Sunday, November 1, 2009

On Selling Yourself

You really do have to sell yourself as an artist in many ways. There are a lot of artists out there, and whether or not we like it we are in competition for visibility. We need to get our work out there where it will be seen and better yet purchased (if that is a goal). We need to seek name recognition, find our niche and develop a rapport with our audience. We need to stay active at the forefront of what is going on so as to not fall off anyone's radar and risk losing fans, potential sales and other opportunities.

As I am quick to point out to people who question how active I am, my work isn't going to spawn many conversations or sell while sitting in storage in my attic studio where it is not going to be seen. Perhaps getting your work out there isn't as important to you as making it, which is fine, but do remember that the more you produce the more you will need to store unless you can find something else to do with it (and the trash heap is a far cry from a solution to this). Personally I feel that getting my work out there is probably one of the main reasons I do it. Not because I'm that egocentric, but as a means of spawning conversation, getting people thinking about things and challenging preconceptions. My work that doesn't fit into this, like my jewelry, is generally geared towards being sold and so still needs to get out there where it can be seen.

I personally prefer to focus more on camaraderie than competition because new audiences, connections, opportunities and publicity can be found and fostered when we work together. But with limited engagements for people to view art it becomes all the more important for individual artists to take advantage of every opportunity available to them to get their work seen. We all need to remember as artists that this is really up to us individually - no one else is going to do it until long after we've already done the legwork and achieved some pretty hefty fame and name recognition by account of our own efforts.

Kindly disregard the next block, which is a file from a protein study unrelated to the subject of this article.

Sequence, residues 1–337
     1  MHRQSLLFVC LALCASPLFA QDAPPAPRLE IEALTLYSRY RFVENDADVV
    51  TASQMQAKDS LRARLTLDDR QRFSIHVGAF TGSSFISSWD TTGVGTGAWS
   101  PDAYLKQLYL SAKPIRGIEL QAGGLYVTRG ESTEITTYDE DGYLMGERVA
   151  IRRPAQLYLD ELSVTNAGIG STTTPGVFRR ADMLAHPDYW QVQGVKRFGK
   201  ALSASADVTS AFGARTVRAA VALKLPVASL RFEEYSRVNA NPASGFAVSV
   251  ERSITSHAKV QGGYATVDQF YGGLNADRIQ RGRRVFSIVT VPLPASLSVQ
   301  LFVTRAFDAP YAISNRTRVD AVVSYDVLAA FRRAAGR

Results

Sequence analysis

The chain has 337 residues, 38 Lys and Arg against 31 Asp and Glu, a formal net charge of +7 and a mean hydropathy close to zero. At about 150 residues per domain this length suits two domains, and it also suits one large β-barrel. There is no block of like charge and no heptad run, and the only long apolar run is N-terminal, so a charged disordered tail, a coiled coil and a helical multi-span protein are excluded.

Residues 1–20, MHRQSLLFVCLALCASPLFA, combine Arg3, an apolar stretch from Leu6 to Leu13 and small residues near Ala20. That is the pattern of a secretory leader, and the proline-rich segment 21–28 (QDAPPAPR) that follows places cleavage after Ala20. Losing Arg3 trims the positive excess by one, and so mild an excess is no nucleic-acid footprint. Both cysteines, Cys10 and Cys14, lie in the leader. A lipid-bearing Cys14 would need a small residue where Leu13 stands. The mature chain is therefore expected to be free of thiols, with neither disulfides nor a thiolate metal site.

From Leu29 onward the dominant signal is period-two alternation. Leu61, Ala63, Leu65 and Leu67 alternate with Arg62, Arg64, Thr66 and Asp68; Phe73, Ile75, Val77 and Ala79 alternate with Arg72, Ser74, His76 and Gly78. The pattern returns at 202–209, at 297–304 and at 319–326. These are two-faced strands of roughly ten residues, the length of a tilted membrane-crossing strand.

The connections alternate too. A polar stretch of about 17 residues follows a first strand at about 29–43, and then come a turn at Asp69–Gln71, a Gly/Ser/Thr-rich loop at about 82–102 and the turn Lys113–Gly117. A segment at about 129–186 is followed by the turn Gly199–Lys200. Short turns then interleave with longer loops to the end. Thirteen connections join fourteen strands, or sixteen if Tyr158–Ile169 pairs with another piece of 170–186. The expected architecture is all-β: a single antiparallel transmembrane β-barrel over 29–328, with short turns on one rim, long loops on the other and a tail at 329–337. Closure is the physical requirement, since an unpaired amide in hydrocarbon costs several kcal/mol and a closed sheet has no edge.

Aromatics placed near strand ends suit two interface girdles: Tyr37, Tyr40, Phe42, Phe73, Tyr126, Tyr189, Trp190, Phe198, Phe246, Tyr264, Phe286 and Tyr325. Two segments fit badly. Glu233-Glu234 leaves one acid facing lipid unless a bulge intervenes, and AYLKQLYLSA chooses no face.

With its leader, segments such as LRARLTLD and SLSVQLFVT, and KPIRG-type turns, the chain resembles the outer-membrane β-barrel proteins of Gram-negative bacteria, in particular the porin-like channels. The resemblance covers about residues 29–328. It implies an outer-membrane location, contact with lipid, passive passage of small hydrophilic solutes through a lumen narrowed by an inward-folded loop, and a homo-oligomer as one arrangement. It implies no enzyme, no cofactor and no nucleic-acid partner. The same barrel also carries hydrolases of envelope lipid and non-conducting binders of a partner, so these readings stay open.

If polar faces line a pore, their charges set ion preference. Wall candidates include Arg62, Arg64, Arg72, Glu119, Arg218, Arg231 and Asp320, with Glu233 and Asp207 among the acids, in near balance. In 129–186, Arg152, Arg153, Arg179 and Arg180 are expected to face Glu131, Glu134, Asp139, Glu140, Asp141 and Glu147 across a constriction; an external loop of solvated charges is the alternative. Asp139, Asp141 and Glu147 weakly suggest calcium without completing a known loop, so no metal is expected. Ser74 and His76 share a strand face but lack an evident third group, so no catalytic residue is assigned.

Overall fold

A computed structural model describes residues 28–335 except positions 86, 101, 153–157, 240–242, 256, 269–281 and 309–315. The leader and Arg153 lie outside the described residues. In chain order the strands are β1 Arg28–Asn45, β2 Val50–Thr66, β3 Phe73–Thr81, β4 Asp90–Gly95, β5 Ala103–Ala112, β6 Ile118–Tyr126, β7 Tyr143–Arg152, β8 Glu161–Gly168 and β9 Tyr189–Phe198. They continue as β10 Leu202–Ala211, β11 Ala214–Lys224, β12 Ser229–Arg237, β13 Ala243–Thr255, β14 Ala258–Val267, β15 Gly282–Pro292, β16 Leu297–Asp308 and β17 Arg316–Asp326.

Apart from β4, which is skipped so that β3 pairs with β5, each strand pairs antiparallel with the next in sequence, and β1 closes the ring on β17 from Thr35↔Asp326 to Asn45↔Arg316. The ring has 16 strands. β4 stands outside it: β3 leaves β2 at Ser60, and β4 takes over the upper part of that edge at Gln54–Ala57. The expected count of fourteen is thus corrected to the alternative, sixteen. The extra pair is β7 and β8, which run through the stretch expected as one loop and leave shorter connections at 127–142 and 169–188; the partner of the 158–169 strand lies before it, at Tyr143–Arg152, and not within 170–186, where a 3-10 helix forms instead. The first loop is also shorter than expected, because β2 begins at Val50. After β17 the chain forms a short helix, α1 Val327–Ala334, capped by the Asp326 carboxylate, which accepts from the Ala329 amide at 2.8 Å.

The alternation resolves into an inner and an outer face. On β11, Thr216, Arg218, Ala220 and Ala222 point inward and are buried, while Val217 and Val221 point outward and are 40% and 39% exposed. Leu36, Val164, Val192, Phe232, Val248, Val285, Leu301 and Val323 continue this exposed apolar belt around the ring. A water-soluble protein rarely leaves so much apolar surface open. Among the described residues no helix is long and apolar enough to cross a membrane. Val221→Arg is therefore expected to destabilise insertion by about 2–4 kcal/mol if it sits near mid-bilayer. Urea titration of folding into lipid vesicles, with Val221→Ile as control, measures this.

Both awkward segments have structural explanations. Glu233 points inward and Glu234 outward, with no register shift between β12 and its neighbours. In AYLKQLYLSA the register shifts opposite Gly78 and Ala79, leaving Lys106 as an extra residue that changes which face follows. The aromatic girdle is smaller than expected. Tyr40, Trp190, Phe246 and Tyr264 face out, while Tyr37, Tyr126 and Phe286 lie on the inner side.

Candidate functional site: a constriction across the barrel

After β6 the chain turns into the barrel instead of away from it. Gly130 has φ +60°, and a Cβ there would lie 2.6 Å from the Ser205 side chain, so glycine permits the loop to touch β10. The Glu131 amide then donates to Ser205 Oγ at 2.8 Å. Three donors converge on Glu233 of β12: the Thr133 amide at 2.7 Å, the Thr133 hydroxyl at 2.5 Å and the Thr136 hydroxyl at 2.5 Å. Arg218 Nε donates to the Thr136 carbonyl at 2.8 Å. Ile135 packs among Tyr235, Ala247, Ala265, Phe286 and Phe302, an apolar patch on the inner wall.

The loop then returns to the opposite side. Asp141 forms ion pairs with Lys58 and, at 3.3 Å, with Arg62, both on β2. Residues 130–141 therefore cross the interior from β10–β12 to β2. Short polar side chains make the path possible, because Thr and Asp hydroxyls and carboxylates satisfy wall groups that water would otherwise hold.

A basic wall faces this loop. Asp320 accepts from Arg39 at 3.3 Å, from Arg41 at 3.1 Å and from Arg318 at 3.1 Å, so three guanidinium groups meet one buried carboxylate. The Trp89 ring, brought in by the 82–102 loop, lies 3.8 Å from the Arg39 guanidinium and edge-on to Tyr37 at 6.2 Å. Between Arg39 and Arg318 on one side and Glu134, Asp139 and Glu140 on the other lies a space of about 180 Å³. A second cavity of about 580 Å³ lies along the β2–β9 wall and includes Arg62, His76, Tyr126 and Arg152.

And many galleries and institutions are solely interested in current work and are not showing much of anything over three years old, which offers a very limited window of visibility. It's almost as if artworks have an expiration or sell-by date depending on when they were made, after which no one is near so interested in showing them anymore except in special circumstances, like retrospective exhibits. So it is necessary to work to promote yourself and your art as much as possible so that you can get it seen while you still can do so.

In the next few posts, I am going to offer some tips on promoting yourself and your artwork. I just attended a workshop at the Regional Arts Commission on Marketing and Professional Presentation which raised some key points that I'd like to reiterate here for all that I know I've mentioned some of this in the past. And lately I've found that I've been much more forthright in my own promotion and will explore some of what I've learned from that as well.

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